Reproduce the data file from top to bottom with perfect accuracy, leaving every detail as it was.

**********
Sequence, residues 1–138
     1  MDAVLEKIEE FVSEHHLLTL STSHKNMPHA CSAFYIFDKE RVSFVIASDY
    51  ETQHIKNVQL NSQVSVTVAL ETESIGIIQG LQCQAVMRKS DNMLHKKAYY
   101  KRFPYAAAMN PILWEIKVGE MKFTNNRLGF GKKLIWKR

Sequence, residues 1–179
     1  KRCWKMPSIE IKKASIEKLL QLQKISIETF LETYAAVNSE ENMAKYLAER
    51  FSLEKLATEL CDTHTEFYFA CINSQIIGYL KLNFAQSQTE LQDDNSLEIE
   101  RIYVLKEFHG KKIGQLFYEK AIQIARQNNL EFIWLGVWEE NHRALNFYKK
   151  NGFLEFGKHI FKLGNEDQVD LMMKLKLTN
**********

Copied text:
Sequence, residues 1–138
     1  MDAVLEKIEE FVSEHHLLTL STSHKNMPHA CSAFYIFDKE RVSFVIASDY
    51  ETQHIKNVQL NSQVSVTVAL ETESIGIIQG LQCQAVMRKS DNMLHKKAYY
   101  KRFPYAAAMN PILWEIKVGE MKFTNNRLGF GKKLIWKR

Sequence, residues 1–179
     1  KRCWKMPSIE IKKASIEKLL QLQKISIETF LETYAAVNSE ENMAKYLAER
    51  FSLEKLATEL CDTHTEFYFA CINSQIIGYL KLNFAQSQTE LQDDNSLEIE
   101  RIYVLKEFHG KKIGQLFYEK AIQIARQNNL EFIWLGVWEE NHRALNFYKK
   151  NGFLEFGKHI FKLGNEDQVD LMMKLKLTN